For the second month in a row the Ennis School Board tabled the review of Doug Walsh in his role as bus supervisor for the district.
The Ennis School Board scheduled Walsh’s review Feb. 15 before the monthly school board meeting, but after a closed session of about an hour the board decided again to table the review, this time until April.
“At that time we didn’t feel we had enough information to accurately asses the performance of Doug in that position,” Ennis School Board Chairman Marc Glines said after the meeting.
This was the same reason the board had rescheduled the January evaluation as well, he said.
Walsh is employed by the Ennis School District as a two-thirds time bus supervisor and a one-third time superintendent. His superintendent evaluation was done at the end of last year.
Walsh’s bus supervisor contract pays him $62,000 per year in base pay, plus $12,000 in other incentives. Additionally, he is eligible for a $12,000 annual bonus based on his performance.
At the meeting, Glines didn’t comment much about Walsh’s evaluation or contract despite several questions from citizens in attendance.
Ed Totten from McAllister was at the meeting and tried to get answers about Walsh’s performance and contract, but went away frustrated with the response of the board.
“They were extremely evasive to the point where it was almost like if they said anything it was just going to be a lie,” Totten said.
Totten doesn’t believe Walsh is qualified for the bus supervisor job and would like the school board to tell him and the community why they hired him and are paying him so much money.
“My biggest fault with the school board is that they’re laying out money that doesn’t belong to them and they’re giving it to someone who’s not even qualified for the job in the first place,” he said.
But the school board isn’t able to comment on anything currently involved in litigation, which includes Walsh’s contracts, Glines said.
In August, David Kelley of Ennis filed a lawsuit against Doug Walsh and the Ennis School Board claiming essentially that Walsh’s contract as bus supervisor is fraudulent. The lawsuit also claims that the school spent money illegally out of the adult education and transportation funds. It also claims Walsh’s contracts with the school, dating back to when he officially retired as superintendent, are in violation of laws governing the Montana Teacher’s Retirement system.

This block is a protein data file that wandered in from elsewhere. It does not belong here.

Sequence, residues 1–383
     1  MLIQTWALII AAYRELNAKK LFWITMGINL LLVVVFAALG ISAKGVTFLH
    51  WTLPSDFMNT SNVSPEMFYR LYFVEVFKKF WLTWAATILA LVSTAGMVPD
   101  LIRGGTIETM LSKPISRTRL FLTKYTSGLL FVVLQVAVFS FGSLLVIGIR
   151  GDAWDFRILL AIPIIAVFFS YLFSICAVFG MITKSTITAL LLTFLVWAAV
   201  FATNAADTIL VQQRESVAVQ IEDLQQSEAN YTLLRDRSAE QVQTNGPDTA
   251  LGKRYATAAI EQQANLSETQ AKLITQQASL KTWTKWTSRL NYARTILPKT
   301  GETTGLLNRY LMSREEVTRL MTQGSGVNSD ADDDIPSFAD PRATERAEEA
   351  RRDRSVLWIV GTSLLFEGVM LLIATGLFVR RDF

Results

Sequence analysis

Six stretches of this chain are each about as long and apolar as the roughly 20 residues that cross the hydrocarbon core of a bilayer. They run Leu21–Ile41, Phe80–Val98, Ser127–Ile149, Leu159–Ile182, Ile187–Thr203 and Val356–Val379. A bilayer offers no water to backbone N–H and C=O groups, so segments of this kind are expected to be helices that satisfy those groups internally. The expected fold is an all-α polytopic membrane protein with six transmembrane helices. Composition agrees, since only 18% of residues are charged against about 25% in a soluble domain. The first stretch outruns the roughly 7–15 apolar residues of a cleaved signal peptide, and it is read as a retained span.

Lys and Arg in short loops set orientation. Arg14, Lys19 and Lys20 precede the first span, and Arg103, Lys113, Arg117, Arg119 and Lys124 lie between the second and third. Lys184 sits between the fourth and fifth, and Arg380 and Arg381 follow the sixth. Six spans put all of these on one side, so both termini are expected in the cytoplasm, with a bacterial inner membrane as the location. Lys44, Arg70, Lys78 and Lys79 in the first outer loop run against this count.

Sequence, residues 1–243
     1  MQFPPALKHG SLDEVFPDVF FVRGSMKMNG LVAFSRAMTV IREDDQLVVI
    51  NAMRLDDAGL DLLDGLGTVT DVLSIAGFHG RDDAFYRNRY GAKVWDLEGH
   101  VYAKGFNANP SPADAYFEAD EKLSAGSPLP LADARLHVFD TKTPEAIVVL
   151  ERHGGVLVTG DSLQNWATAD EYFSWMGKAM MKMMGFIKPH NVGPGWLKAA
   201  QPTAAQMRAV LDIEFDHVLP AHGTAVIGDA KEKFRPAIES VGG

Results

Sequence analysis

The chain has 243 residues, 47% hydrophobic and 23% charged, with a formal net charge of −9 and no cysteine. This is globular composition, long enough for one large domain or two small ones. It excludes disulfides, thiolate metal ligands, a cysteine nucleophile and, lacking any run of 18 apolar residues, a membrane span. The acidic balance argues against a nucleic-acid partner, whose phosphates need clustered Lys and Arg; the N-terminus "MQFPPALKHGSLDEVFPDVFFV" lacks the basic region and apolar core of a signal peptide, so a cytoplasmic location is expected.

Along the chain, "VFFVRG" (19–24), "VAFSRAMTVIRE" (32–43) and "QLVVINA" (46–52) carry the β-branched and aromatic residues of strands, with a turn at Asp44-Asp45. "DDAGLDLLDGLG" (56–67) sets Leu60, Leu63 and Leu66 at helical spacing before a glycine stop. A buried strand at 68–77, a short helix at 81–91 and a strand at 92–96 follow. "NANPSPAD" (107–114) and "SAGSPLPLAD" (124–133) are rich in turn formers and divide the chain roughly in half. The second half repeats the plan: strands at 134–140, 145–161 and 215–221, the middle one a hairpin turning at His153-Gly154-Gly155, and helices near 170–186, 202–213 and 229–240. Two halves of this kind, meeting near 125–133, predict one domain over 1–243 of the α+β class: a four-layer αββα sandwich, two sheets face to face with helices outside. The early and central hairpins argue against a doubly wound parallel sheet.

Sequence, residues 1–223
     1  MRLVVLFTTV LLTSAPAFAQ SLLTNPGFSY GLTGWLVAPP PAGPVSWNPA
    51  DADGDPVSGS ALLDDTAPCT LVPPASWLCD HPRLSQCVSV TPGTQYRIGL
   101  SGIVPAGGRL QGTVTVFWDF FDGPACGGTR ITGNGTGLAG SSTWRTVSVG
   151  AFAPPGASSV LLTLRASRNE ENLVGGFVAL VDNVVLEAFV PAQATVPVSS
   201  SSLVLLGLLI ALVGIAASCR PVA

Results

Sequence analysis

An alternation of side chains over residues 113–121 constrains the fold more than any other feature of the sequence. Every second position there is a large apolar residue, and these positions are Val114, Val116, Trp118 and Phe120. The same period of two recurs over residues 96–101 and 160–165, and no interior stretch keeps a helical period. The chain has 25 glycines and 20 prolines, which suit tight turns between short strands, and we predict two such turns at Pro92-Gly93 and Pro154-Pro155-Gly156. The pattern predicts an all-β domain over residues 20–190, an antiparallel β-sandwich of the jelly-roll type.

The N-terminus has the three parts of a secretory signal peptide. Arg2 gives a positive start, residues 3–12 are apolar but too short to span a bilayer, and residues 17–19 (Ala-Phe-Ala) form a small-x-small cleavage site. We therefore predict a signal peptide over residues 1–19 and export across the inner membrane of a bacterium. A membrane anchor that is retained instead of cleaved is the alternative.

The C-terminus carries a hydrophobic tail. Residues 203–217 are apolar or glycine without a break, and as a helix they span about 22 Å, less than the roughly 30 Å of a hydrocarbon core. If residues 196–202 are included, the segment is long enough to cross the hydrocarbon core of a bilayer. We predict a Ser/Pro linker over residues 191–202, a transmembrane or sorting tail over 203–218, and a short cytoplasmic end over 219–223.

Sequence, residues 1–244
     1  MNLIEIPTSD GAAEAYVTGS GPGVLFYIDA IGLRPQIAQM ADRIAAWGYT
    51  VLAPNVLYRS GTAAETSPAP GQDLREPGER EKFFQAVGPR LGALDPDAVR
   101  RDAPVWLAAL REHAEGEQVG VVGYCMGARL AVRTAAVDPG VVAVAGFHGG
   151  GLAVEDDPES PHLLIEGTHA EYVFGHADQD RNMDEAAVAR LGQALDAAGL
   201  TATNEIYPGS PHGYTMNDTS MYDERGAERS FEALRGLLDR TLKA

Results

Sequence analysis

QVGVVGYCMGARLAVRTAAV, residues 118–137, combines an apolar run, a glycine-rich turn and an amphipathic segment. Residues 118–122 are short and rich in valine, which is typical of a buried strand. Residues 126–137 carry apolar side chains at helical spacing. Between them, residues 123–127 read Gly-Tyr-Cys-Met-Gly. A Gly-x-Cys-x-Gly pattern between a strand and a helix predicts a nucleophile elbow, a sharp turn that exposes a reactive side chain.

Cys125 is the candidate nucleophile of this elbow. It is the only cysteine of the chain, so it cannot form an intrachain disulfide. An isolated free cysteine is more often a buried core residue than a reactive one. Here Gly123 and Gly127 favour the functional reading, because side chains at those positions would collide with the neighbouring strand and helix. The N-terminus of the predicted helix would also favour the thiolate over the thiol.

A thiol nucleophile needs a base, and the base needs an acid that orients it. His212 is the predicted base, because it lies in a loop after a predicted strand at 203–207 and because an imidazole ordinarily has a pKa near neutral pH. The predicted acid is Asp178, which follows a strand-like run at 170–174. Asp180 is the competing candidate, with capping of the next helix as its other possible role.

The lawsuit has kept the school board from answering a lot of questions citizens in the community have raised, Glines acknowledged.
“There is nothing more that the school board wants to do than to disseminate information to make people understand what’s going on,” he said. “We are told by our lawyer not to respond or comment and it’s very frustrating to us.”
In fact the school board’s lawyer, Elizabeth Kaleva from Missoula, has made it clear, either they follow her guidance or get a new lawyer.
“What I’ll refer you to is our lawyer stated that if we were to comment outside of what she told us we could say, which is anything about the legal issues, that we would be responsible for our own legal fees and have to find our own lawyer,” Glines said.
After attending last week’s meeting, Totten doesn’t think the community is being served by the school board’s refusal to address honest questions.
“They work for us and I understand that a lawyer is going to tell their client to keep their mouth shut and that’s just the way of it, but you have people who are supposed to be working for us and they’re not,” he said.
The school board rescheduled Walsh’s bus supervisor evaluation until the April meeting. In the meantime, Glines and school board member Jim McNally will work together on determining the proper way to evaluate Walsh.
Typically, the school board receives job descriptions and standard evaluation forms from the Montana School Board Association. This time those standard job descriptions and forms didn’t accurately depict what the school board wanted to evaluate, he said.
“It’s our fault that the evaluation didn’t accurately depict the job description,” Glines said. “So we have to get a more accurate tool. So we’re laboring over doing it correctly.”
Walsh has been bus supervisor since 2009 but has never had a performance evaluation done for the position, he said. The board is at fault for that, he said.
“Our omission is that we have not evaluated in this position,” Glines said. “We should have had an evaluation in place probably before we hired anyone and we didn’t.”
He would not say whether or not Walsh’s evaluation would be the only factor in whether or not he received his $12,000 annual bonus.
It was a point Glines tiptoed around.
“Could it be attached to this job evaluation, yes it could,” he said.
Glines wouldn’t clarify the point because it dealt with the ongoing litigation.